[Statement made at the “Tribute to Dondon” held at the UP School of Economics on February 12, 2016.]


Let me break it at once to you: Dondon Paderanga was to me a colleague, a friend, a brother, and a mentor all rolled into one.

His career as a professional economist began and ended here at the UP School of Economics (UPSE), with some stops in the government, private sector, and some universities abroad as a visiting scholar. It was a distinguished career, spanning more than three decades.

Here at the School, we developed a friendship that I fondly remember and will forever cherish.

We were in the same cohort, invited to join the faculty in the Seventies. The UPSE was established as an independent college in 1965. When Dondon and I joined the faculty, it had had two deans who had the vision to make the School one of the best economics institute engaged in teaching and research in Asia.

The mission was to have a faculty size of at least 30 PhDs, with about 25 always in active residence in any given year.

Our then-department chairman was sent on a scouting mission. He visited campuses in the US where there were Filipinos doing PhD work in economics. The mission proved successful: From Stanford the School got three new faculty members, and Dondon was one of them.

Dondon had since then become an important pillar of the UPSE faculty, who did the School proud.

As faculty members, the task that our dean handed down to us was to “put the School in the map.” In other words, publish.

Dondon, having written his dissertation in Stanford on urbanization and regional development, started an important research program on spatial development in the Philippines, in collaboration with another faculty member and some graduate students. This bears highlighting: Spatial development has since become an important chapter in the government’s medium-term development plan.

Dondon was modest, irreverent and self-deprecatory even about his research accomplishments. I would kid him about his doctoral dissertation, that his main contribution to knowledge was this: When African-Americans moved in the Bay Area, land and rental values declined. And I went like, Don, isn’t that result awesome?

He’d shoot back: yes, almost as awesome as the finding of what’s his name again—that yokel from Pampanga—which is, when women marry and get pregnant, they take time off from the labor force.

That kind of ribbing was our form of stress management. Speaking of which, I recall how he handled the job of being the college secretary.

During our time, we’d say: One doesn’t have true academic freedom unless he or she is freed from administrative work. Most faculty members found being secretary very tedious, and if given the choice, would avoid the job.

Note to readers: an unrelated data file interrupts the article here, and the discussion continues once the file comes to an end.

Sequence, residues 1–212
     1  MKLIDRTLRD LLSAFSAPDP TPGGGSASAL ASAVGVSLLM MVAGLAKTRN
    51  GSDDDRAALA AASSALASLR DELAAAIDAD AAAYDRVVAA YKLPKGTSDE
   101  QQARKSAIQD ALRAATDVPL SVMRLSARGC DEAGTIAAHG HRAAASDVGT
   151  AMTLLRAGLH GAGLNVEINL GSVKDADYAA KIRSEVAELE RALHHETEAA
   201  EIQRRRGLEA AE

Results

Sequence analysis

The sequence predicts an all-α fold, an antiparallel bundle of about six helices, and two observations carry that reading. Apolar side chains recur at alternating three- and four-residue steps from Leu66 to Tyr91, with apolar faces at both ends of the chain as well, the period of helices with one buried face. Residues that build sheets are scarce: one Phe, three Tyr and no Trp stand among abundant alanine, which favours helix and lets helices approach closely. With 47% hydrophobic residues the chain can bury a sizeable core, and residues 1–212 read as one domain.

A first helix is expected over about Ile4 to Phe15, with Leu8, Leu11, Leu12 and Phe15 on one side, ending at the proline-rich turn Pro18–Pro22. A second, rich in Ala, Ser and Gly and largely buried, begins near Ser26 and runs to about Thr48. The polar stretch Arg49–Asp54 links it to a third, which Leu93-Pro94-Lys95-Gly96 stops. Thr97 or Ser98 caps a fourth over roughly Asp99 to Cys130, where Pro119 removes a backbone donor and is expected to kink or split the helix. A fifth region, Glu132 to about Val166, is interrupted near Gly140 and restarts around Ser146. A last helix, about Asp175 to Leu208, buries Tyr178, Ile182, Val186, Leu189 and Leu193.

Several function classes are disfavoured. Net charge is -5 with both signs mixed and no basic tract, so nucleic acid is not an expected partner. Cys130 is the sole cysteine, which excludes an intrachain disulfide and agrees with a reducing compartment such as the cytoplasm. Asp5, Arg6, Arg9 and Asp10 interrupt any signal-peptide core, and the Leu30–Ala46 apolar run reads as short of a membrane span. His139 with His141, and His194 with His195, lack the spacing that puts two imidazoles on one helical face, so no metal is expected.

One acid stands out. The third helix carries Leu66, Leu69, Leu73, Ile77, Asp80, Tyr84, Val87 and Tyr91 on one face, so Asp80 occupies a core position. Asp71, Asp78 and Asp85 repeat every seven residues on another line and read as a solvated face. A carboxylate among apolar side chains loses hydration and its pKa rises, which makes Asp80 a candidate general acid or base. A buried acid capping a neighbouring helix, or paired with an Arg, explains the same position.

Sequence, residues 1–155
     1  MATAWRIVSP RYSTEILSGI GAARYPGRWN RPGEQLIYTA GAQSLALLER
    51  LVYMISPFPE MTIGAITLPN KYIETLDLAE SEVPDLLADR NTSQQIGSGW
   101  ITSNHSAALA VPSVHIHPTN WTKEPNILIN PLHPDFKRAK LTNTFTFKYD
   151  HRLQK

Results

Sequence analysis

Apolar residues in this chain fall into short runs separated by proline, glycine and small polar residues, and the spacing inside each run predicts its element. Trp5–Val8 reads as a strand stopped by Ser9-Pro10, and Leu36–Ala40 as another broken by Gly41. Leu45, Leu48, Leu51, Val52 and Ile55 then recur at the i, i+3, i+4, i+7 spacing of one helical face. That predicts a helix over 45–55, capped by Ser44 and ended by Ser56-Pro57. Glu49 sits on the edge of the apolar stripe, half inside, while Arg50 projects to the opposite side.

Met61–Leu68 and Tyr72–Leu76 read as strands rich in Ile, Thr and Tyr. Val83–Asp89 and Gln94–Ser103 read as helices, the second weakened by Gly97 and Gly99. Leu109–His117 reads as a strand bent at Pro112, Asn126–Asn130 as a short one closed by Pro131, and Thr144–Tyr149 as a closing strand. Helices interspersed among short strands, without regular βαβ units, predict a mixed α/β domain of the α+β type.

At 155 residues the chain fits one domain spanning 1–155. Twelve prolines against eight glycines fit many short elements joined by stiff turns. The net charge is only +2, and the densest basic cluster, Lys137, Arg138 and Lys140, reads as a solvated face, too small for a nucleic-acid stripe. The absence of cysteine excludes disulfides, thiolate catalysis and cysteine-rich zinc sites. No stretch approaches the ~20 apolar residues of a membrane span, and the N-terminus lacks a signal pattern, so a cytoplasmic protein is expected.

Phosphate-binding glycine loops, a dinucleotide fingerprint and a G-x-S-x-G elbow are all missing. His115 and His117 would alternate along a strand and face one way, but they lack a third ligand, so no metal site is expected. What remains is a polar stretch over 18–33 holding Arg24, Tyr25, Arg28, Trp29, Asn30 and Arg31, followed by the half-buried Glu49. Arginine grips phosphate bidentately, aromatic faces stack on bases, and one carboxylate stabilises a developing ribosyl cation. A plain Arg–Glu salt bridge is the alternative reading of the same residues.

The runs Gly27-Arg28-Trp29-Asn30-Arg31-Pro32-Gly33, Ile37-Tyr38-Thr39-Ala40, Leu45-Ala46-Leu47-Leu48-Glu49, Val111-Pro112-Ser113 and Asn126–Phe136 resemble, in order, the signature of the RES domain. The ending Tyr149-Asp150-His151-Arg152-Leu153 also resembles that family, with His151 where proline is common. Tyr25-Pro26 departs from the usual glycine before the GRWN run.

But our dean would say: We all have to pay our dues for maybe just a year. Dondon took on that job, thrice in fact, and handled it with ease.

He would report in the morning at the secretary’s office. On my way to my office I would see him in from of his, talking to some fetching young coeds. I’d sidle up to him and whisper: I see you’re having quality time again, Dr. Paderanga. He’d laugh, and we would then go to his office, where the bantering continued over coffee—not third- wave coffee, but one brewed by either Mang Efren or Aling Cely.

In the afternoon, after lunch, I might drop by his office, seeing him preparing for his three-hour class in graduate microeconomics. About that, I’d say: Don, I envy your skills, being able to put in a one-fourth sheet of paper your three-hour lecture. A few semesters later, I told him in jest: I see, the one-fourth sheet of lecture notes has given way to a powerpoint presentation, anchored on two slides.

But all things must end, including quality time at the School.

Dondon joined NEDA in the late Eighties. I guess it’s destiny. He had been an advocate of economic policy reforms, and it was only right that he should move on to NEDA and witness economic policymaking from both sides then.

(Everyone in this auditorium knows that the economic policy reform process is not a popularity contest. One risks having detractors, and Dondon had a fair share of the latter.)

His next stop in government was at the Monetary Board of the BSP. I ribbed him, too, about his appointment to the Monetary Board. I said, so did you tell them that money matters. He’d say: Not only that, I told them that money is a medium of exchange and a store of value (always with a laugh, of course).

Dondon returned to NEDA in 2010, but for health reasons, resigned a couple of years later. He went back to the School, but first, a one-year visiting professorship at Kyoto University.

I saw him once at the School and I asked him what he was going to do at Kyoto. He told me that he would continue the research work he and another Filipino political scientist had started with a Japanese professor. They were going to investigate economic policymaking during the martial-law era by interviewing the technocrats at the time who were still around.

Dondon, I said, that’s great. Once you’re done with that study involving real people, you can say with conviction: Just because I’m an economist, it doesn’t mean I can only write fiction.

Then again, all things must end.

Dondon retired from the School faculty in 2013, a year after I did. He continued to lecture after retirement. I saw him once along the School corridor, and he asked me if I would lecture again. I said, maybe not: I dread becoming an argument for mandatory retirement. (It’s a little joke shared by a cohort of professors who turned 65 years of age beginning 2012.)

I will always remember with affection the harmonious and pleasant times I spent at the School with Dondon.

God bless you, Don. May you rest in peace.


[Other tributes to Prof. Paderanga can be found here and here.]